"A lot of my fouls are not basketball plays," James said. "First of all, in
the first quarter, Kirk Hinrich basically grabbed me with two hands and
brought me to the ground. The last one, Taj Gibson was able to collar my
shoulder and bring me to the ground. Those are not basketball plays."
James let his frustrations out shortly after the Gibson clothesline on former
teammate Carlos Boozer. James lowered his shoulder and plowed into Boozer, who
is so broad, I'm sure you could show a double feature on his back at the local
James got a Flagrant-1. The Bulls, who outrebounded the Heat, 43-31, got the
It seems to be a foregone conclusion the Heat will represent the East in the
NBA Finals. They are 11 1/2 games ahead of the Indiana Pacers and New York
Knicks for the top seed, but ponder one thing:
The Bulls, the Pacers and the Knicks are all 2-1 this season against the Heat.
When all three teams are clicking, they all have punishing defenses based on
physicality, especially Chicago and Indiana.
That appears to be the only weakness we've seen in the Heat - push them
around, and they don't like it.
"Welcome to Chicago and Miami basketball," Spoelstra said.
The streak is behind them, but the Heat still have work to do. For all of you
who think James and Wade go into witness protection, think again. The Heat are
only two games ahead of the San Antonio Spurs for the best record in the
league, which shows you how good the Spurs are. A team won for two months
straight and are just two games ahead in the whole league.
The streak is over, but the goal didn't change.
The most important lesson we learned during the streak is that Miami is ready
to for a consecutive championships.
That's a streak they'll care more about.
- My oddball choice for MVP would be John Wall of the Washington Wizards.
Since his return in January, the Wizards are 21-17, including 15-4 at home,
and have the fifth-best record in the Eastern Conference during that time.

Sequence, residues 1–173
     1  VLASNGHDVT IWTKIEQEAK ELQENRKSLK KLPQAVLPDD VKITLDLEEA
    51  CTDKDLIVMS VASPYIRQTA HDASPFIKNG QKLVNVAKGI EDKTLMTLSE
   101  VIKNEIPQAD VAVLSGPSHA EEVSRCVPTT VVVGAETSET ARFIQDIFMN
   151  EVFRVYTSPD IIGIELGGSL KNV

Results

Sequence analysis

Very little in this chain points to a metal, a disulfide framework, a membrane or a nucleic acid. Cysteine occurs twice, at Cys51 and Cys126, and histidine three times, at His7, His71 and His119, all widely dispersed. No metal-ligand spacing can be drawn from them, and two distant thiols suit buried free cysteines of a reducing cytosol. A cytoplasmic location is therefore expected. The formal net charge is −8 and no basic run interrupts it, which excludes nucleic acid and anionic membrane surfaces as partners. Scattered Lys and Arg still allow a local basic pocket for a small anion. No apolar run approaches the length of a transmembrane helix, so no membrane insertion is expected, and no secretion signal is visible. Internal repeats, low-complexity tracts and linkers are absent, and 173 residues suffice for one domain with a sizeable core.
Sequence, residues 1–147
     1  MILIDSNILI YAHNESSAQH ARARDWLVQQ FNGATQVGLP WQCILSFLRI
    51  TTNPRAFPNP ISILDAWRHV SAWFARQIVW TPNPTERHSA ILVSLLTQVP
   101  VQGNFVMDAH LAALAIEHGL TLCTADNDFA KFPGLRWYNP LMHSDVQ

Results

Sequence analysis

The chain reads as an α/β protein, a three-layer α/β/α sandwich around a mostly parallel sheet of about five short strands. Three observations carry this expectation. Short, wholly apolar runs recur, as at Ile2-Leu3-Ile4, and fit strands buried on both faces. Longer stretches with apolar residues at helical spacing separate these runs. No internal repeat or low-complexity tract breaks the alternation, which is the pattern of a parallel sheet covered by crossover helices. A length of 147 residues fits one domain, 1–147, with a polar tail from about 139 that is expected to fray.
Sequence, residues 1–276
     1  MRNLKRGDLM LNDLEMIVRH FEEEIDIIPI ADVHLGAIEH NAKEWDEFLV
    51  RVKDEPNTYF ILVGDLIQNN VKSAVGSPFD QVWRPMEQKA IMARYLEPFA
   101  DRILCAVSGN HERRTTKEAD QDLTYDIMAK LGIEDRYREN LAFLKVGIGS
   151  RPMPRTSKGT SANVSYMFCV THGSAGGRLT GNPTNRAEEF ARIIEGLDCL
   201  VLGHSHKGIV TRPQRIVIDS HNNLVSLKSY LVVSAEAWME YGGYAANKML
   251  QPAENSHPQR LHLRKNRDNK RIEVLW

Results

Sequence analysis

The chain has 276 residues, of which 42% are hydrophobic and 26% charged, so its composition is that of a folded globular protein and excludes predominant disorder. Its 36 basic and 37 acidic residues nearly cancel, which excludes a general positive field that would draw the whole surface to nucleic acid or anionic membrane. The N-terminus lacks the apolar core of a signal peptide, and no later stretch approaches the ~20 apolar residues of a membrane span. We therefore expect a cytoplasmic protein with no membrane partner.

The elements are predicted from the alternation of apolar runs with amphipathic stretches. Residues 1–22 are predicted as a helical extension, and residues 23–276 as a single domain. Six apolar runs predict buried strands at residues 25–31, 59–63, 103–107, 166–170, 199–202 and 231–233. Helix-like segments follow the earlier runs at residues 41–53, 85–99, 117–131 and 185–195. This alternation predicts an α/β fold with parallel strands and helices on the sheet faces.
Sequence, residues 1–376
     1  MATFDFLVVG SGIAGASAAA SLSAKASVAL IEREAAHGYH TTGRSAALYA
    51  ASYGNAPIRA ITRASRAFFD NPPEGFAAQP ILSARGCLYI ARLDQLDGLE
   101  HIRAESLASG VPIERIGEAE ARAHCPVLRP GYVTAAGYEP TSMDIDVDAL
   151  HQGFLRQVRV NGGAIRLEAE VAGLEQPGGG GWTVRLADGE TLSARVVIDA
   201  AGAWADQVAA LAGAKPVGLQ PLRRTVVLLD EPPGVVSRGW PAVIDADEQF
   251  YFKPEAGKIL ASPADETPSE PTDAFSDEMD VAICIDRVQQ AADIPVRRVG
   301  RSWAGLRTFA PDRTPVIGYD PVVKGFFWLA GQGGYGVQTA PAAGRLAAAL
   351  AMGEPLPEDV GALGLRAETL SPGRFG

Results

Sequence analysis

Wall has averaged 16.8 points, 7.7 assists and 3.6 rebounds per game and posted
career-highs in points (47 against the Memphis Grizzlies on March 25) and
assists (16 against the Los Angeles Lakers on March 22). I wasn't a big Wall
guy until this season, but in a point guard-driven league, Wall can carry a
- Dwight Howard correctly walked back some of his comments for retribution on
Golden State's David Lee. Officials tend to remember when you threaten a guy
months in advance.
- With the Bulls defeating the Heat, and owning a winning record against them,
the calls for Derrick Rose's return should be pretty loud. Again, I hate
questioning a player's toughness and Rose is clearly still staring at a
substantial mental hurdle, but you can wonder what Chicago could do in the
postseason with Rose. Without him, All-Star center Joakim Noah, Rip Hamilton
and Marco Belinelli, the Bulls beat the Heat on Wednesday. What could they do
fully healthy? Seems more and more like we won't know this season. It's going
to be interesting to see how Bulls' players react to Rose when he comes back.
- My alma mater is in the Sweet Sixteen. Honestly, I wasn't sure it would ever
happen. In my four years, I saw some pretty bad basketball teams, but, for
the first time since I was in high school, not only did they go to the
tournament, they won a game. Now, they've won three with a chance for more,
let's just say I never thought this experience would happen. Thank you, La
- Movie moment - In the span of one day, I watched "Calendar Girls" and "Best
Exotic Marigold Hotel." Both films feature British women of an advanced age. I
don't have a thing for them, but it was just weird how it broke that way.
- TV moment - I don't care if Jimmy Fallon replaces Jay Leno, then Howard
Stern or Seth Meyers replaces Fallon. It won't matter to me because I won't be
up, or I'll be watching Comedy Central.
The Sports Network